I just gave a heart health awareness month talk at my workplace. I discussed my case and the changes I have made in my habits. Someone asked, how do you keep from getting bored while exercising? I learned that when I walked with an iPod in my ears, especially when I walked with the dogs, I was anxious and irritated. I would be in my head, lost in the music, then my dog would chase a squirrel, and I would be awaken from my somnambulist trance. This seemed so counter-intuitive. So went without the iPod. I was more aware of my surroundings, the dogs, the sounds around me, the crunching gravel under my shoes, the wrens roosting in the sycamores. It occurred to me that I was in fact absent. It wasn’t the dog’s fault that I was irritated, it was my mind set. I lost the iPod and found focus. My dogs were my teachers. So now, when I exercise or am alone or have time to reflect, I pay attention to things and people and noises and sights and other things that catch my attention. I became aware of this ancient idea of Mindfulness from Jon Kabat-Zinn’s book, “Where ever You Go, There You Are.”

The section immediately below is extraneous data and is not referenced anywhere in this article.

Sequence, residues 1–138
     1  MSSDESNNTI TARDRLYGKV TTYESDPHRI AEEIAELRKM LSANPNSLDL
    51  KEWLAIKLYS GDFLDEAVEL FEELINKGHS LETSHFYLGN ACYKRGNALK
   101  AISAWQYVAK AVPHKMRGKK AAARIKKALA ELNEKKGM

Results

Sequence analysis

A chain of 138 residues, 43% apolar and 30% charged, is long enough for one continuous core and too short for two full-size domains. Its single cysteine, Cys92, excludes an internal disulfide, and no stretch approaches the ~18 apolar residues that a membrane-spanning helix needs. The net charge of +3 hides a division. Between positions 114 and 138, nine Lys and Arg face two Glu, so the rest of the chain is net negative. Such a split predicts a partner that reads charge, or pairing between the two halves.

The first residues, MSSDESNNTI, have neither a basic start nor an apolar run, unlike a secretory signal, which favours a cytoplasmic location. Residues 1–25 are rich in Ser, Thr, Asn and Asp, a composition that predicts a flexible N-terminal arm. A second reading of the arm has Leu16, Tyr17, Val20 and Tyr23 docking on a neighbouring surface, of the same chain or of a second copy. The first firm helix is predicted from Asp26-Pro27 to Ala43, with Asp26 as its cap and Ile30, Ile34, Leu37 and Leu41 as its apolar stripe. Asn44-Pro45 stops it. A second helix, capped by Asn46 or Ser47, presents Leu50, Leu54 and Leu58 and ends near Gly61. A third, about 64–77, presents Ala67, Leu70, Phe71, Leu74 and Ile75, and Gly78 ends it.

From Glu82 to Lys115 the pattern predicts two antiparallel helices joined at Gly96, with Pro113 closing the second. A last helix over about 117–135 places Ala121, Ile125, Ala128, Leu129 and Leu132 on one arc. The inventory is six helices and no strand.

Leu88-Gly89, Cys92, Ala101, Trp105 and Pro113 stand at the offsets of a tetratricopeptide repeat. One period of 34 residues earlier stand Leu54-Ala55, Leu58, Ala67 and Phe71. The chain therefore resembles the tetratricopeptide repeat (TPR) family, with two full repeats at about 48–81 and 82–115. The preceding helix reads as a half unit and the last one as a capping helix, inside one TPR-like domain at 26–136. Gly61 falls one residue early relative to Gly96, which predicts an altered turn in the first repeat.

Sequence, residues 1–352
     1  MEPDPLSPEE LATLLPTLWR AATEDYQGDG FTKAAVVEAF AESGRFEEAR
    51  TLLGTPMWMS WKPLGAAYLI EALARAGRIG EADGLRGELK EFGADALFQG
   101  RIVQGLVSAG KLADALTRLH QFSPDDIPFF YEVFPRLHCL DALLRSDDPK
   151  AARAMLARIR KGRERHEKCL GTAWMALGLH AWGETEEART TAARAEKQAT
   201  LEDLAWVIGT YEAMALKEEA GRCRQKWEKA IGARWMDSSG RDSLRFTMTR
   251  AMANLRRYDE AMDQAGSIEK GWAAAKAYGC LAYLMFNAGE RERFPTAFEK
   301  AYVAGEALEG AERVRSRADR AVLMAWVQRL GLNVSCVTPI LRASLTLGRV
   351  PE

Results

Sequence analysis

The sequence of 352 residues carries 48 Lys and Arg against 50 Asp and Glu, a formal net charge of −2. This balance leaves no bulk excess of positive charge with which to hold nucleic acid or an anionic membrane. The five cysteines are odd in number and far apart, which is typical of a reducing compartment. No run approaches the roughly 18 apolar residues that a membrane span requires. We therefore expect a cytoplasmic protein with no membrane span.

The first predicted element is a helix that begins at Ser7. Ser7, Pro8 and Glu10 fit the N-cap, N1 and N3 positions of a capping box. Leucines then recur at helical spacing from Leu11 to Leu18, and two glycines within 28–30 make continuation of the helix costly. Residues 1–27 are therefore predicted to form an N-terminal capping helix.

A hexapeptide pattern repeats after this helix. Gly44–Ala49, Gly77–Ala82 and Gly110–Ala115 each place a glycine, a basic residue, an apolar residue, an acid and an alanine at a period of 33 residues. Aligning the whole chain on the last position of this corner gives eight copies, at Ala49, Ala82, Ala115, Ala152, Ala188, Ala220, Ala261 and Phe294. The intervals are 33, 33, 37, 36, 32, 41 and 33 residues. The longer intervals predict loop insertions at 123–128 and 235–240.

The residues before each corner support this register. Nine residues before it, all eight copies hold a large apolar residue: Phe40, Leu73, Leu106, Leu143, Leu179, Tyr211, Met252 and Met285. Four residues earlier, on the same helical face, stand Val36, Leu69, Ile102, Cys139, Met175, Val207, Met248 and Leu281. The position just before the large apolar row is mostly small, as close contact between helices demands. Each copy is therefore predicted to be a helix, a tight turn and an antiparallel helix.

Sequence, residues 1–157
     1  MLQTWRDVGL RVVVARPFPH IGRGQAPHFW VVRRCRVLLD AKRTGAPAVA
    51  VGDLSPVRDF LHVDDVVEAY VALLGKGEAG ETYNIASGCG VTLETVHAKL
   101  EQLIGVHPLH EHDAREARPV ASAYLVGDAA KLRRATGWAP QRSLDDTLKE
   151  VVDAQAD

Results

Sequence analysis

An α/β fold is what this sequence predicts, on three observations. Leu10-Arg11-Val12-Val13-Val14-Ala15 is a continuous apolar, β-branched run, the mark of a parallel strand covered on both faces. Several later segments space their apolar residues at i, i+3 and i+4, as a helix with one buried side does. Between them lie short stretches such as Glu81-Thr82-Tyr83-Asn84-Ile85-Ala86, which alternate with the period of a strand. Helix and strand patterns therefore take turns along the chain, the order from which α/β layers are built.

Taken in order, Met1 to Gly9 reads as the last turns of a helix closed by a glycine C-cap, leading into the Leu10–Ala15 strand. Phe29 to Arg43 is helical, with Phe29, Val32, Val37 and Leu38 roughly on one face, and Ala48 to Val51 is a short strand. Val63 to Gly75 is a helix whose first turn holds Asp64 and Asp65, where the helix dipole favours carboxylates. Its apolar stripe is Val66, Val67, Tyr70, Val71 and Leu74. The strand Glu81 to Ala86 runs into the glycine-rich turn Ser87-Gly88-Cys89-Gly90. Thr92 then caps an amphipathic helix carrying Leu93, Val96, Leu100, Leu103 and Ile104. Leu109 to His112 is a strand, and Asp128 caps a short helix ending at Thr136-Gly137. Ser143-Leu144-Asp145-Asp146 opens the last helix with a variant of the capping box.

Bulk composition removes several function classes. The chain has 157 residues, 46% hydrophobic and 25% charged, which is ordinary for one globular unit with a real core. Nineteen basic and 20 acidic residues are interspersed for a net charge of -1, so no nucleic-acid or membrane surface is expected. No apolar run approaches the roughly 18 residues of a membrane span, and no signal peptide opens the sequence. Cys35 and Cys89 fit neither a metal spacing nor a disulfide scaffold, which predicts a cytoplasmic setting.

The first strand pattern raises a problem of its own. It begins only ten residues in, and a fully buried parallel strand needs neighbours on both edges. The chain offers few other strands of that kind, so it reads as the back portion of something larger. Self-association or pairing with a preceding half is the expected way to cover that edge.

When I was younger, I used to play tennis with my mom and her lady friends. We would play and her mind was far away…occupied with mom things. She reminds me how I used to say, “Mom, be here.” Oh how easy it is to see it in someone else. My daughter helps me with that. We have this favorite movie, “Nick and Nora’s Infinite Playlist.” If you haven’t seen it, it is worth a watch. Below is my favorite line from the movie. Spoiler alert, it is from the end of the movie. It characterizes the sentiment quite well.
Norah :Are you sad we missed it?
Nick : We didn’t miss it, this IS it. Come on, you wanna go home?